Daniel Rooke,soldier and astronomer, was always an outsider. As a young lieutenant of marines he arrives in New South Wales on the First Fleet in 1788 and sees his chance. he sets up his observatory away from the main camp, and begins the scientific work that he hopes will make him famous.
Aboriginal people soon start to visit his isolated promontory, and a child named Tagaran begins to teach him her language. With meticulous care he records their conversations.
An extraordinary friendship forms, and Rooke has almost forgotten he is a soldier when a man is fatally wounded in the infant colony. The lieutenant faces a decision that will define not only who he is but the course of his entire life.
In this profoundly moving novel Kate Grenville returns to the landscape of her much-loved bestseller The Secret River. Inspired by the notebooks of William Dawes, The Lieutenant is a compelling story about friendship and self-discovery by a writer at the peak of her power.
There's no doubt that if I try to work out where my gaps are in terms of the Historical Fiction that I read, then Australian history is one of those gaps. It's not because it doesn't interest me, because it does, but I think because it is either difficult to find out about good books that use Australian history as the base, or because there aren't that many good books out there.
Not long before I started blogging back in 2005, I read The Secret River by Kate Grenville. Set at the time of the First Fleet it looked at the relationship between white settlers and the native Australian Aborigines who were already here. Grenville returns to this same setting in The Lieutenant.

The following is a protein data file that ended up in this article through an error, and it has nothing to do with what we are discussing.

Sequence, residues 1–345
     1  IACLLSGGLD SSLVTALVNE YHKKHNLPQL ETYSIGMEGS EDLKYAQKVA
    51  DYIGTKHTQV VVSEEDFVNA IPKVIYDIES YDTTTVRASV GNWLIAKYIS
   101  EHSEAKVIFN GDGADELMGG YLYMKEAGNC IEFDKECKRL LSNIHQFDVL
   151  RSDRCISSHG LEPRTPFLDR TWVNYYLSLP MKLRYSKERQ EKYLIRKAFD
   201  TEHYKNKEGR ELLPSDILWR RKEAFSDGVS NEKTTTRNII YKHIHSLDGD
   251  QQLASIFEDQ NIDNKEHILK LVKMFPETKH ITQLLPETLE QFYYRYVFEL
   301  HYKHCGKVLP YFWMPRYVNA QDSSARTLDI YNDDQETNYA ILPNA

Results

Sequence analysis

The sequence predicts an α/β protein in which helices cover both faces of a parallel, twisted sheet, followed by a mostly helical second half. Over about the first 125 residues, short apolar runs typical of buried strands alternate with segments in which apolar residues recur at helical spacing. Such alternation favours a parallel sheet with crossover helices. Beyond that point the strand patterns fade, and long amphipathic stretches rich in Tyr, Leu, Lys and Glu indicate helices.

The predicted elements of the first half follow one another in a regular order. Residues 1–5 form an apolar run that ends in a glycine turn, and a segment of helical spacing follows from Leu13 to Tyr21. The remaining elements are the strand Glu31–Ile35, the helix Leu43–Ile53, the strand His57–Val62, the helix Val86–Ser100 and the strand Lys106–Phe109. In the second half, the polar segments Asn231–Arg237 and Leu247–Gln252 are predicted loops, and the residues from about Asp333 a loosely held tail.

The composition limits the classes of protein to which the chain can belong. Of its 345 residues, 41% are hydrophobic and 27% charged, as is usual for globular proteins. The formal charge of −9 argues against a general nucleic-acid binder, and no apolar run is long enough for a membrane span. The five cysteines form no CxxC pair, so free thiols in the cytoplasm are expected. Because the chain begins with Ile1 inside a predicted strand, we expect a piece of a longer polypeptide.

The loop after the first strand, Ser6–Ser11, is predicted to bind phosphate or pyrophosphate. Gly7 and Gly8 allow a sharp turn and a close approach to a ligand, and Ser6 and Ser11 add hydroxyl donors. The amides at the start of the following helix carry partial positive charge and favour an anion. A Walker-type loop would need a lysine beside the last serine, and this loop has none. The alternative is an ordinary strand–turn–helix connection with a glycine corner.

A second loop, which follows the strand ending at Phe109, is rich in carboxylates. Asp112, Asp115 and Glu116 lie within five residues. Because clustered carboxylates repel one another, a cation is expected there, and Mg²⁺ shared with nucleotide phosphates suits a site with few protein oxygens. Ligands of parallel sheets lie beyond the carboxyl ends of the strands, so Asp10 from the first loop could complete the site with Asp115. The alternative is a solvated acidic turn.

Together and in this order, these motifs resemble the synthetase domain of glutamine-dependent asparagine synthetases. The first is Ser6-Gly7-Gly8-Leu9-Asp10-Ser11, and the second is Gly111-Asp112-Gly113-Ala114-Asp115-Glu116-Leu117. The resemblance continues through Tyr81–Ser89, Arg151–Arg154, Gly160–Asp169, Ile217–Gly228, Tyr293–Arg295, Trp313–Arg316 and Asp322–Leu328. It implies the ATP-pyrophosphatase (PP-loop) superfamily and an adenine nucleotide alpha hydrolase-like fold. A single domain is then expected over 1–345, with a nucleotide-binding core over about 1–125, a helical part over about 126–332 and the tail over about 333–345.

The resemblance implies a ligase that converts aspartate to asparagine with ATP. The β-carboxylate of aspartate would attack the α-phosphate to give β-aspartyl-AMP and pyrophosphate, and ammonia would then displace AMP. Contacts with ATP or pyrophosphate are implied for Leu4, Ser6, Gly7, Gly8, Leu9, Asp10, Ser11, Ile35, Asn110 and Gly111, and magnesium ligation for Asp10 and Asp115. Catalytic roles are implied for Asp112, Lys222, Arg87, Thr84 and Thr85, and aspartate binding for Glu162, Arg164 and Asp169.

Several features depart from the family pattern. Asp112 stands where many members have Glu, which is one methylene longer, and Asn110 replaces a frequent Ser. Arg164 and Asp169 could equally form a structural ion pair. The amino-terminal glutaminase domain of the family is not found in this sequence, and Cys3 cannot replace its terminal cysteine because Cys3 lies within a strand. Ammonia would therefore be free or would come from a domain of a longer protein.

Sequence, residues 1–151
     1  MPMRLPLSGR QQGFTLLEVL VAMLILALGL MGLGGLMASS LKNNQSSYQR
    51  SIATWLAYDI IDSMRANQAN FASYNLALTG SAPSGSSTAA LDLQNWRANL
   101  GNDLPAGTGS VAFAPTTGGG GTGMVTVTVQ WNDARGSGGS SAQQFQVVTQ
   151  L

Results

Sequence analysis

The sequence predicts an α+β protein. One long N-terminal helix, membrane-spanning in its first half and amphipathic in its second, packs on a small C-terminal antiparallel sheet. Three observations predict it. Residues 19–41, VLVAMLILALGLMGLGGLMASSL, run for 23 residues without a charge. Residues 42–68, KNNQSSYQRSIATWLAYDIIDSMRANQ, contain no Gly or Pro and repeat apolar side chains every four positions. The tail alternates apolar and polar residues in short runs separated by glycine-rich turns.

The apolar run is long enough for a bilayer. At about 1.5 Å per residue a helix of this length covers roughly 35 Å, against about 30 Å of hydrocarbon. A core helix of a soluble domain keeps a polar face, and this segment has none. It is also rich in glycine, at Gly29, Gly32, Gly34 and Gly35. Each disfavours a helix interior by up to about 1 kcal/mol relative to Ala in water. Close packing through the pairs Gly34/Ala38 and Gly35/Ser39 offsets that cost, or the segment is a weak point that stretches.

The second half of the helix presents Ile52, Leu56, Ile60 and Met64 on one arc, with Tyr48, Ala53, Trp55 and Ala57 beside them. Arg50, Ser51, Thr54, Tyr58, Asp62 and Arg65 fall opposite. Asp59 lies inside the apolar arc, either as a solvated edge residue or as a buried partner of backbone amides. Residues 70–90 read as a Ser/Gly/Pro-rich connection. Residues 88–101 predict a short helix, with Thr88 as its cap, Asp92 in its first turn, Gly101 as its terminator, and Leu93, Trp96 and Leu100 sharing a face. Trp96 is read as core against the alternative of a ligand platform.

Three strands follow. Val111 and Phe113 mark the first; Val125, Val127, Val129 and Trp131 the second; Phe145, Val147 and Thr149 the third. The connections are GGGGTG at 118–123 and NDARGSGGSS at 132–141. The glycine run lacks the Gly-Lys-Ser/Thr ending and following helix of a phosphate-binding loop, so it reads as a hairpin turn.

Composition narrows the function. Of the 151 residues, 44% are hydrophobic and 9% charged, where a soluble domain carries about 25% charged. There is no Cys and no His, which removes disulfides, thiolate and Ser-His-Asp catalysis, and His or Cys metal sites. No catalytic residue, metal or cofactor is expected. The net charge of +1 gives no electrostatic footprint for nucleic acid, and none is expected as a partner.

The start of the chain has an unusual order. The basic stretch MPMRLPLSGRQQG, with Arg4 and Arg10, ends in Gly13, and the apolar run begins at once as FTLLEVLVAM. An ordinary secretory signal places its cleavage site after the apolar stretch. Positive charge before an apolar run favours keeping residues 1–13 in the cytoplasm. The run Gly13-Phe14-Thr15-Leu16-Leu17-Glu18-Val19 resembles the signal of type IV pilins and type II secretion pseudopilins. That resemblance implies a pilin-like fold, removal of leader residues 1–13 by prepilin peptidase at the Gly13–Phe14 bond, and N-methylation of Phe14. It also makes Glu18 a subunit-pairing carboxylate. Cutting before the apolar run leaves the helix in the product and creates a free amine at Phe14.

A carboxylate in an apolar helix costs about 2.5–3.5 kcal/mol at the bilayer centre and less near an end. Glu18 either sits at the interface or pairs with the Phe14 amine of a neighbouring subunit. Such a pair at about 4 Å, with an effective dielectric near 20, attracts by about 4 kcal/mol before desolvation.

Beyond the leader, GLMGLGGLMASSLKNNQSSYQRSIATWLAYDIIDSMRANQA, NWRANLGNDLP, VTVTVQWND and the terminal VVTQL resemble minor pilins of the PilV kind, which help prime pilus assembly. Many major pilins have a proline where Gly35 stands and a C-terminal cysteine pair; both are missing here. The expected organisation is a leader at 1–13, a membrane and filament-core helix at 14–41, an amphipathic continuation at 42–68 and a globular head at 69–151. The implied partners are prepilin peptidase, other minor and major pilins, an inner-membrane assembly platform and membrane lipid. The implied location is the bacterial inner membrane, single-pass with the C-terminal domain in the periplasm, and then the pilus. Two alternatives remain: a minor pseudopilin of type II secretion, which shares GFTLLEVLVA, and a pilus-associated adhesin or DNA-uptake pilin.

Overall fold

The main character in the story is Lieutenant Daniel Rooke. He is a young man who has been chosen to receive a top notch education based on his impressive mathematical abilities, and finds himself recruited to serve in the First Fleet that it coming to Australia. Whilst he is a soldier, his main role once he gets to the new land will be as astronomer, observing the night skies and in particular looking for signs of a comet. With his skills as astronomer, linguist and orienter are very valued on such an expedition, he is also very much aware that he is something of an outcast.
When the fleet arrives in Botany Bay, Rooke sets up his observatory at a distance away from the rest of the soldiers and convicts. This places him in an ideal position to be able to interact with the local tribespeople, and he quickly begins to study the language and make friends with the people, most especially a young girl. It doesn't take long however for relations between the settlers and the natives to degenerate and Rooke finds himself having to choose between duty and friendship.
Whilst the setting is similar, there are significant differences between the two stories. In this novel, Grenville has pared the narrative right back to the basics of the story. We are very much focussed on Rooke's life, and his interactions. For me, this made The Lieutenant a much stronger, more interesting book.
I was interested in a couple of the choices that Grenville made with this book. There is no secret that this book is very much based on the life of one Lt William Dawes who was a skilled astronomer and who did document the language. On her website, Grenville explains the choices that she made. The interesting thing to me was that she chose to use different names for all the characters - not only for Rooke/Dawes but also for first Governor and for the known names of some of the other important figures from the First Fleet. I am not sure that it was necessary to make these changes, but I do understand her intent. As she says on her website:
It is a deceptively short book. The hardcover version I had had a total of 307 pages, but the text size and white spaces were definitely on the generous side.I've taken events that took place in the real world and used them as the basis for a work of imagination.
This is a novel, then, not history.
I enjoyed this trip into Australian history, and hope to read more with this setting. This book will be published in the US and UK on February 5 2009.